When Saul and Dar reunite, Saul explains what he learned. In short, something isn’t right. He explains that the cigarettes he found after the Nafisi interrogation proved to him that the entire thing was a charade. Nafisi must have been in that surveillance room, which means he was likely trained on what to say to Saul. To what end? Is the entire story of a parallel nuclear program a ruse? Saul explains that he has Javadi looking into it.
While those two old friends catch up, Carrie is trying to talk Quinn down. She takes the blame for what happened. She needs to see her daughter. She comes in, hiding Frannie away in the bathroom with the nanny. The cop’s body cam comes up and the agents outside realize that the three women are out of harm’s way. It’s time to break in. As Quinn tells Carrie about the guy who’s been watching them across the street, the SWAT agents breach. Carrie jumps on Quinn as a human shield to make sure they don’t shoot him.
With Quinn taken into custody, Carrie finds his phone in the rubble. (Really, Homeland? The SWAT team wouldn’t lock the scene down given what happened?) She sees the pictures of the window across the street and the man coming out. She sees his license plate and the journey Quinn went on the other night, including the stop at Sekou’s company. Something is very, very wrong.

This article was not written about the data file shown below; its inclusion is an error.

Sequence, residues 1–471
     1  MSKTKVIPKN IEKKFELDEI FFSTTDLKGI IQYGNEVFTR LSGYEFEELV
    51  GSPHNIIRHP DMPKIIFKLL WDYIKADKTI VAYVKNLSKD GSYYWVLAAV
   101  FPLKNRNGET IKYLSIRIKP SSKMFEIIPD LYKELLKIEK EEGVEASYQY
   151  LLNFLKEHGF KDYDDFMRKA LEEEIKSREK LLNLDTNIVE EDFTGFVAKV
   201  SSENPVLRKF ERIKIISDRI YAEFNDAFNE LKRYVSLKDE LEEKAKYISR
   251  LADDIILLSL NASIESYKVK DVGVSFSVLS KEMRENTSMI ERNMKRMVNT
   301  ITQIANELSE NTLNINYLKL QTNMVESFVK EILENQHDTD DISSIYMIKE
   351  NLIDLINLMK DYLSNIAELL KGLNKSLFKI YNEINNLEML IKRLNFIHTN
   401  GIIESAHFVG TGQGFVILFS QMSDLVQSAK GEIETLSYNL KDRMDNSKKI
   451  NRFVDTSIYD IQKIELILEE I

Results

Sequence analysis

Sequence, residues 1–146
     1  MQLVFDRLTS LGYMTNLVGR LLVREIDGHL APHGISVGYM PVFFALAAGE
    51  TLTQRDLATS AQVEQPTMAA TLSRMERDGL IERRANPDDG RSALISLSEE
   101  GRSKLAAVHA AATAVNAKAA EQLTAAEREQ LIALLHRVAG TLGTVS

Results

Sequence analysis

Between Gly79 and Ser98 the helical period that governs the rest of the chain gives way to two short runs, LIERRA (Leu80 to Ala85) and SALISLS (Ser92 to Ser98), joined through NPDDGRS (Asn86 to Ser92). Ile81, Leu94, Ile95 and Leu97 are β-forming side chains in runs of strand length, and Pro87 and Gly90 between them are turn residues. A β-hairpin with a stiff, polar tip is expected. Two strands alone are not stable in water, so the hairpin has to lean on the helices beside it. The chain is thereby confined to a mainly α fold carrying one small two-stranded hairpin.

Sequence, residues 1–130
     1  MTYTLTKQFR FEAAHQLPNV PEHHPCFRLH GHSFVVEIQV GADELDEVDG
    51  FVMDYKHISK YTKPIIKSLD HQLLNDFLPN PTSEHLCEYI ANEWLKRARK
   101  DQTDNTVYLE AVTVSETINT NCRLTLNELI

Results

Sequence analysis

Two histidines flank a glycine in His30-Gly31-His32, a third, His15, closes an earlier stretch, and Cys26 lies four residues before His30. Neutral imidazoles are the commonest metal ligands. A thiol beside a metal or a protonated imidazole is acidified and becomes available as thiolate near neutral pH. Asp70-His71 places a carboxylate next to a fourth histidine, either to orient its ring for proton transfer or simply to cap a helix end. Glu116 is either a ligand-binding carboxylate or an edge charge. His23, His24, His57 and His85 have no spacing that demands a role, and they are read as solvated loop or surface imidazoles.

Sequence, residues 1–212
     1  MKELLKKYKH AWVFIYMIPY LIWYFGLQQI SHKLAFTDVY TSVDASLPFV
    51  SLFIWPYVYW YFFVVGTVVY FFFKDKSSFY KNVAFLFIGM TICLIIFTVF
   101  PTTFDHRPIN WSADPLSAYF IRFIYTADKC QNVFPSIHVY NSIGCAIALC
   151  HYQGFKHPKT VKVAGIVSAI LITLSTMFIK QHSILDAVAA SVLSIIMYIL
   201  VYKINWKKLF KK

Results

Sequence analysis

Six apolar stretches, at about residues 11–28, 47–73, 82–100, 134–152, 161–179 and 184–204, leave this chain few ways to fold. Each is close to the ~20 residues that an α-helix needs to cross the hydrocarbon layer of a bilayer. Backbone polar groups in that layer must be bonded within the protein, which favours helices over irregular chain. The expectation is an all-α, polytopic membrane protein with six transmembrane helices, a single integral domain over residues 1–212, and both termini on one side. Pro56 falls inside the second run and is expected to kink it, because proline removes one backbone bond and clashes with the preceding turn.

• The Latin meaning of this week’s title: “an act or situation provoking or justifying war.”
• I admire the willingness of Homeland’s producers to go short. This episode was only 45 minutes, which is more like 40 without credits. A lot of other TV networks and platforms could learn from this example: Just because you have an hour doesn’t mean you need to use all of it. Ahem, Netflix.
• Rupert Friend was great in this episode, as he always is, and the scenes in Carrie’s house were really well-directed, but I just didn’t quite believe it would all go down that quickly. What did you think?
• It’s hard to believe we’re almost halfway through this season. How long can Keane stay marginalized? What will happen to Quinn? And when will Carrie and Saul finally reunite? The show has always been better when they do.
• My theory that all of the Sekou drama happened too easily paid off with the reveal that someone else is pulling strings. I love it when that happens.